The 2.51-Å resolution structure reveals that Orf belongs to the α + β protein class, and possesses a unique fold as determined by the dali algorithm (40). Two Orf monomers are arranged as an intertwined dimer, forming a ring with a funnel-like channel through the center (Fig. 3 A and B). The Orf structure can be loosely divided into two components: a larger C-terminal region, composed of two three-helix bundles and two antiparallel β-sheets, and a smaller N-terminal region comprising a single antiparallel β-sheet topped by two α-helices. Each Orf monomer consists of two separate regions that interact to form the oligomeric structure (Fig. 3C). The first region comprises the initial 38 residues of the protein and includes three segments that contribute to the dimer interface: residues 3–9 (β1), 14–22 (αA), and 26–38 (β2 loop and β2). The β-strands form a single intertwined β-sheet, and the two α-helices pack across the top of the β-sheet in a parallel manner. The second region comprises residues 67–97, and also has three segments contributing to the interface: residues 67–80 (αC), 83–89 (β3), and 95–97 (β4). In this region, the α-helix of one monomer packs on top of an antiparallel β-sheet formed by the two strands from the other monomer. Nine hydrophobic residues from each monomer (Ile-8, Val-21, Val-33, Ile-36, Val-75, Val-86, Leu-89, Val-95, and Ile-97) are highly buried in the dimer interface. With the exception of Val-33, the hydrophobic character of each of these residues is highly conserved between Orf homologs (Fig. 3D). There are also six salt bridges and numerous ionic interactions mediated through water molecules that contribute to the stability and specificity of the dimer interface. The size of the oligomeric interface (1,407 Å2 buried per subunit) is close to the average of 1,700 ± 1,100 Å2 observed for homodimers (41), and accounts for ≈20% of the accessible surface of each subunit. To investigate the role of the dimer conformation in the crystal structure, size exclusion chromatography and cross-linking experiments were performed. The homogenous Orf protein preparation formed an apparent dimer of 33 kDa on size exclusion chromatography and when exposed to the cross-linking agent glutaraldehyde (Fig. 7, which is published as supporting information on the PNAS web site).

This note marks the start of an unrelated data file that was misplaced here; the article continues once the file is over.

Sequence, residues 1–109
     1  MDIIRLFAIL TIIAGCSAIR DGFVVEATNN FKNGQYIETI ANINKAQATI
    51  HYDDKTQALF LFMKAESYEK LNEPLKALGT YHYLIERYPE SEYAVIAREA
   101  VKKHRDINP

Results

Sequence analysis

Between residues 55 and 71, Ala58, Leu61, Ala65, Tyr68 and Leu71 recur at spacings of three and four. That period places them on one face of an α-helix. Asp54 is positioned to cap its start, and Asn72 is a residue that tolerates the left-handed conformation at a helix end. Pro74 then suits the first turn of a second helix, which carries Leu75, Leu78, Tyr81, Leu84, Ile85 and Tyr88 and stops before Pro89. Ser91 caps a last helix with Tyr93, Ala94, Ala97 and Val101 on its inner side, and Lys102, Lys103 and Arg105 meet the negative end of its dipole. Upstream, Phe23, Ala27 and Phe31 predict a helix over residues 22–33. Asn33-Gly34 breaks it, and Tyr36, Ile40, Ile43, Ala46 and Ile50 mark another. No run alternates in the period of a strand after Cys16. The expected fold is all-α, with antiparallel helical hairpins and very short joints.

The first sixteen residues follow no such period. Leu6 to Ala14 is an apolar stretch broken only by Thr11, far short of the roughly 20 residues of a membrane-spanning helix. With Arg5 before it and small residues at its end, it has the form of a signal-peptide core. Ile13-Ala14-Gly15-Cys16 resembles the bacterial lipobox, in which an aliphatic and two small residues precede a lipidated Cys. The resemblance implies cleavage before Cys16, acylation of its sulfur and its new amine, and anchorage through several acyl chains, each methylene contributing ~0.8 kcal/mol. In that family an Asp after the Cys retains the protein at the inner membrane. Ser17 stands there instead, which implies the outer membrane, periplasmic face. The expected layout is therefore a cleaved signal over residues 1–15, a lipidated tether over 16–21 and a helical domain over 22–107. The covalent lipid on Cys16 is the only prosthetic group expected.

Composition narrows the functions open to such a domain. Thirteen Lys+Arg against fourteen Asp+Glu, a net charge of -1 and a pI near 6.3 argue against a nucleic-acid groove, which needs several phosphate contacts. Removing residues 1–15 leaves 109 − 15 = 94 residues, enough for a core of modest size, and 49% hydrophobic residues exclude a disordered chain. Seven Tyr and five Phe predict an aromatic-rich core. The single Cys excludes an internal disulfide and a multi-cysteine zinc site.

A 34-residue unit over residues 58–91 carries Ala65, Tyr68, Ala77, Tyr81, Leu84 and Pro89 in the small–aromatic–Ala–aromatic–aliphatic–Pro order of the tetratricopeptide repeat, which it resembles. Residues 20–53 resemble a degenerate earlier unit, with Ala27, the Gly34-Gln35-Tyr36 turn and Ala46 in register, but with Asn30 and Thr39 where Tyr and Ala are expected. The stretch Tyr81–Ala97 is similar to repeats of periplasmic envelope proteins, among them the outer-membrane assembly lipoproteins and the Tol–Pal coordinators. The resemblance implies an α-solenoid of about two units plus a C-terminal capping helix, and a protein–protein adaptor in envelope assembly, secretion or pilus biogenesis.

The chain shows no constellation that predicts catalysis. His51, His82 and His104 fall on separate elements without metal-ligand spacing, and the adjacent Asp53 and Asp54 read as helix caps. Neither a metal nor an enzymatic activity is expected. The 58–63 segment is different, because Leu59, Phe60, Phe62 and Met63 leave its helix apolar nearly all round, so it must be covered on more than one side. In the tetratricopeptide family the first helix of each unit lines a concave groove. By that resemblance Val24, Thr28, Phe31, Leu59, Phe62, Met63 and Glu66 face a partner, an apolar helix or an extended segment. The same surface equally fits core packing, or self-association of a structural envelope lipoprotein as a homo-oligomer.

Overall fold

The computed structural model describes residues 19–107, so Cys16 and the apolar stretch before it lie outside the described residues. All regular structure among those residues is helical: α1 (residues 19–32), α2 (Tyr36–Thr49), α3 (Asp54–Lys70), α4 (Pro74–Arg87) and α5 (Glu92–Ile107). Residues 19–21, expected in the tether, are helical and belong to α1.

Fig. 3.